ENVISAGING CLINICAL DATA ON ANN

The procedure adopted in this study to correlate changes in BWM with respect to age involves acquisition of clinical DTMRI data, analysis of the data to capture its statistical features and application of the collected data on an ANN towards the intended prediction of age versus observed changes in BWM.

Fig. 1: Flow-chart depicting ANN-based test procedure to correlate the changes measured in BWM versus aging. GLCM: Gray level co-occurrence matrix; BPNN: Backpropagation neural network (used as the test ANN)

These steps are indicated in Fig. 1 as a flow chart:

TEXTURE ANALYSIS

An image is not just a random collection of pixels; it is a meaningful arrangement of regions and objects. A region in an image has a constant texture if a set of local statistics or other local properties of the picture function are constant, slowly varying, or approximately periodic. Image texture, defined as a function of the spatial variation in pixel intensities (gray values), is useful in a variety of applications and has been a subject of intense study by many researchers. One immediate application of image texture is the recognition of image regions using texture properties. The analysis of texture parameters is a useful way of increasing the information obtainable from medical images with applications ranging from the segmentation of specific anatomical structures to detection of a lesion. Texture analysis can be approached by any of the methods like geometrical, statistical, model-based and signal processing methods.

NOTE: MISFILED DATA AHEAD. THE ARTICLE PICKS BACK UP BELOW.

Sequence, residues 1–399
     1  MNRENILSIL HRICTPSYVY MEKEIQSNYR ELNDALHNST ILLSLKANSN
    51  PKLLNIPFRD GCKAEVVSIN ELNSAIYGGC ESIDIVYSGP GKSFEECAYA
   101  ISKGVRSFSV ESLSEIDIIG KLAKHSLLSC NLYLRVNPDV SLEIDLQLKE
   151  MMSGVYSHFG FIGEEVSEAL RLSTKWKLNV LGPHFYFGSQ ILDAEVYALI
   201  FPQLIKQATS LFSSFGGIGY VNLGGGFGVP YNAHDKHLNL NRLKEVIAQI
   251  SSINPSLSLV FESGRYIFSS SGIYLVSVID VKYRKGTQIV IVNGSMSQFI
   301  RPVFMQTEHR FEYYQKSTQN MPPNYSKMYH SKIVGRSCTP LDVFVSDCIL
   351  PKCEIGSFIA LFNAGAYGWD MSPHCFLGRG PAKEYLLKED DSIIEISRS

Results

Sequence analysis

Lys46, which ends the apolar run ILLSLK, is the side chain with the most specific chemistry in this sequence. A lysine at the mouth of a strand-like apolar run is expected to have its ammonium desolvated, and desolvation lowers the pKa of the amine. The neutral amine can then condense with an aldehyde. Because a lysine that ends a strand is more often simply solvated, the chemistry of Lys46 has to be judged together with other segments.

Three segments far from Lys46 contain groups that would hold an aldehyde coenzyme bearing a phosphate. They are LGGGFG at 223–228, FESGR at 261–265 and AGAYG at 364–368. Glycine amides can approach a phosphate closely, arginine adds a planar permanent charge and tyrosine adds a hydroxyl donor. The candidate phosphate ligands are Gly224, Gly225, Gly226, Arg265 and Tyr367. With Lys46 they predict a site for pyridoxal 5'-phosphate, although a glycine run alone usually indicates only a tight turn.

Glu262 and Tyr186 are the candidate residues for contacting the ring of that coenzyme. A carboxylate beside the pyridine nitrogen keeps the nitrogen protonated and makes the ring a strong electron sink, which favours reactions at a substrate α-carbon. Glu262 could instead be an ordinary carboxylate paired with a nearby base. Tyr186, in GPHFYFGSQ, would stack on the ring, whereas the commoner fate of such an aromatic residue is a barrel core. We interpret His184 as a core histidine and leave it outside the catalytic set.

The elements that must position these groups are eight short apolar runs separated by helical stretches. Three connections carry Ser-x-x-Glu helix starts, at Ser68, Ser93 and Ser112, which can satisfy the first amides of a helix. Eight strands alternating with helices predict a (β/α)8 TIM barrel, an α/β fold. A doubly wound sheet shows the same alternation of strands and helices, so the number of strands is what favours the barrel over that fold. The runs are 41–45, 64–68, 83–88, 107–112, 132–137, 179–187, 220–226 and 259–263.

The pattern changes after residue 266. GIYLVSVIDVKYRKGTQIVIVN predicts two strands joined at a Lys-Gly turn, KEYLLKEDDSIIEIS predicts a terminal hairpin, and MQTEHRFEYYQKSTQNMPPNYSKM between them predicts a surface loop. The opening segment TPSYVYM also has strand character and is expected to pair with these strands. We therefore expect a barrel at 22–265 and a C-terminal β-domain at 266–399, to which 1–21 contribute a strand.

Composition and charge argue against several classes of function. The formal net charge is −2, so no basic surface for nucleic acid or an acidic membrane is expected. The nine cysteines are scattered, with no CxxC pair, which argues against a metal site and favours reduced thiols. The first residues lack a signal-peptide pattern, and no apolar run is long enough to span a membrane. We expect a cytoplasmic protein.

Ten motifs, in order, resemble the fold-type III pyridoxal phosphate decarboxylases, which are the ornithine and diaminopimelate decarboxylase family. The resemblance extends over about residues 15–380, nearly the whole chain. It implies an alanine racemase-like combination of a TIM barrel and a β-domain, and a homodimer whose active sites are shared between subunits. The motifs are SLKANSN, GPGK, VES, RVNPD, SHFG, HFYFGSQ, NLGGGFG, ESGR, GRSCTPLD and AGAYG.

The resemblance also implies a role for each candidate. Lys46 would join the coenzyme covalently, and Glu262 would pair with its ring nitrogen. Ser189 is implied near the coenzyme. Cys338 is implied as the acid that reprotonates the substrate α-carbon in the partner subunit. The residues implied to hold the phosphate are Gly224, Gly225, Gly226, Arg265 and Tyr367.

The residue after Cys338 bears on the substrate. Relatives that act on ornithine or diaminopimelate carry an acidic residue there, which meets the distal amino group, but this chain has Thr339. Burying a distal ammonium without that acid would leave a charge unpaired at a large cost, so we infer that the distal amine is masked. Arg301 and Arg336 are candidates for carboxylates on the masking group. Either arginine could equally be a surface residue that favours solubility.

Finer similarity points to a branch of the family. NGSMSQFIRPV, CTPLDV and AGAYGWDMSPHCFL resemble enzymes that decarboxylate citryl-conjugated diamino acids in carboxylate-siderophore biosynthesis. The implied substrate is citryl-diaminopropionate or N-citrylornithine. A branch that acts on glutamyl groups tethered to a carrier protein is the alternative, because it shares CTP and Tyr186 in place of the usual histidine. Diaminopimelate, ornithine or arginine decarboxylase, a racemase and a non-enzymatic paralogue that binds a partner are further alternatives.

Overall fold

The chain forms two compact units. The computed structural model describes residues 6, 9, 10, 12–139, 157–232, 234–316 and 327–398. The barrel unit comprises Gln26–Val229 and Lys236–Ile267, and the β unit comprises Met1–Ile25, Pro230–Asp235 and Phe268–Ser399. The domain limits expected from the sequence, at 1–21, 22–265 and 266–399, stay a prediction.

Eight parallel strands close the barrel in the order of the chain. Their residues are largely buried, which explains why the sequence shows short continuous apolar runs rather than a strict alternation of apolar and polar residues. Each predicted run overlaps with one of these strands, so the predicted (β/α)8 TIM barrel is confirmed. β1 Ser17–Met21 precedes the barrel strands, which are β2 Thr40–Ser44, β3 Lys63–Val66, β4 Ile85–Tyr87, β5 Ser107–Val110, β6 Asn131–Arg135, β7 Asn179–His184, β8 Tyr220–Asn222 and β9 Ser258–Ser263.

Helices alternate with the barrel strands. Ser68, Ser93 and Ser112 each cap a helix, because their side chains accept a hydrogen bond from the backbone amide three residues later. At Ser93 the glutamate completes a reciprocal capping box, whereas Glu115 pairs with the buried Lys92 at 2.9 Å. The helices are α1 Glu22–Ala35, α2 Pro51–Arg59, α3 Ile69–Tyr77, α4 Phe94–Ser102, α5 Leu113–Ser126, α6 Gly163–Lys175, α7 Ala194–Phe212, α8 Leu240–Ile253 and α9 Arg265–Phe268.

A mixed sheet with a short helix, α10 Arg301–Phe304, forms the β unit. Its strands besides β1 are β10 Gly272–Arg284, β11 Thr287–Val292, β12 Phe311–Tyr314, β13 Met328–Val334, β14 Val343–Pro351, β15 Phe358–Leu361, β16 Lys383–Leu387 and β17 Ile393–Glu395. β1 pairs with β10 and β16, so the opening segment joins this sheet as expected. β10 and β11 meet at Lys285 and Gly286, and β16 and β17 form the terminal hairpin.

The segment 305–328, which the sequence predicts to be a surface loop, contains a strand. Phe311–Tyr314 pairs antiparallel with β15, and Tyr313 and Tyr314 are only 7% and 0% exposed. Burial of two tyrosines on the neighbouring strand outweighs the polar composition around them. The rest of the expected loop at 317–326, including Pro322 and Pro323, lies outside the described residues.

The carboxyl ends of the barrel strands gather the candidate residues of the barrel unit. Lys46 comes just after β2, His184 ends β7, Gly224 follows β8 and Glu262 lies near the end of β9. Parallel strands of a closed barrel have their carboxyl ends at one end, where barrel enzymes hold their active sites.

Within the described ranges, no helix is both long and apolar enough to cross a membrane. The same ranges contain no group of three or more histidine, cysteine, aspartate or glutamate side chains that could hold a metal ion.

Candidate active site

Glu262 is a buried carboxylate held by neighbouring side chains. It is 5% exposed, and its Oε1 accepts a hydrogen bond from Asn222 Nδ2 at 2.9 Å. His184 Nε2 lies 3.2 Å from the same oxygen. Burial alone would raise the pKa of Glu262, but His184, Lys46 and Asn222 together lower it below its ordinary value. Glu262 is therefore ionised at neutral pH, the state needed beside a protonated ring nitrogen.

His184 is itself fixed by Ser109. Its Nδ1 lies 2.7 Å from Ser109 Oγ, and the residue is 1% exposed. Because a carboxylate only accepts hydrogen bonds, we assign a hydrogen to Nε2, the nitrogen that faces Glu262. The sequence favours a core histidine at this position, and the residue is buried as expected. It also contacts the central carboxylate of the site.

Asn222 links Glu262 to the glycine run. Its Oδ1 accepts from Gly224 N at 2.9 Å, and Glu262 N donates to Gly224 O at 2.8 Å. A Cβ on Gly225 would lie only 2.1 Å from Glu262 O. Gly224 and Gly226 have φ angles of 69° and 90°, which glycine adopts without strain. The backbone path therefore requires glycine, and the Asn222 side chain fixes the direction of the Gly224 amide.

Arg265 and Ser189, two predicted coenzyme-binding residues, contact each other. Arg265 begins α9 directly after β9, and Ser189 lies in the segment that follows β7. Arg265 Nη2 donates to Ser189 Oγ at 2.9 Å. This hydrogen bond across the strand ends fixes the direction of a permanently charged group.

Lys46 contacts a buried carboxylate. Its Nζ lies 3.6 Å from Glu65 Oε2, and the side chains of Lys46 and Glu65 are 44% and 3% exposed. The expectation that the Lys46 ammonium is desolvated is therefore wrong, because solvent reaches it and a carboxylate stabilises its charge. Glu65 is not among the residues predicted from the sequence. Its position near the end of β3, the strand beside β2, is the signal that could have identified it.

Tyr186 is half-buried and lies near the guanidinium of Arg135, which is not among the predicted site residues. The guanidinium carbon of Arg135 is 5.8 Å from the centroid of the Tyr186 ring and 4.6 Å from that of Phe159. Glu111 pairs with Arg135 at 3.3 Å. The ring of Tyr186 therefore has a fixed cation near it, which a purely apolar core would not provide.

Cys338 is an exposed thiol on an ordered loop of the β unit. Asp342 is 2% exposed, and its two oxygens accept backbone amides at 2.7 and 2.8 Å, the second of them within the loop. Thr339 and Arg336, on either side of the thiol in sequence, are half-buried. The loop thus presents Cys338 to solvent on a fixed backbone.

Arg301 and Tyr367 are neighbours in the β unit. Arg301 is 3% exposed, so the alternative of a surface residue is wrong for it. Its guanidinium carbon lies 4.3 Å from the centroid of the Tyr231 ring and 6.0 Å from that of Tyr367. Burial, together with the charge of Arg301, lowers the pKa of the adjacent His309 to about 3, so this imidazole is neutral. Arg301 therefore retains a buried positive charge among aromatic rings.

Depending on the complexity of the image and amount of information to be extracted from the image, statistical method is divided into first order, second order and higher order statistics. First order statistics estimates mean, variance, skewness and flatness. Method based on second-order statistics uses GLCM to extract features. Statistical methods analyze the spatial distribution of gray values, by computing local features at each point in the image and deriving a set of statistics from the distributions of the local features. The reason behind this is the fact that the spatial distribution of gray values is one of the defining qualities of texture (Srinivasan and Shobha, 2008).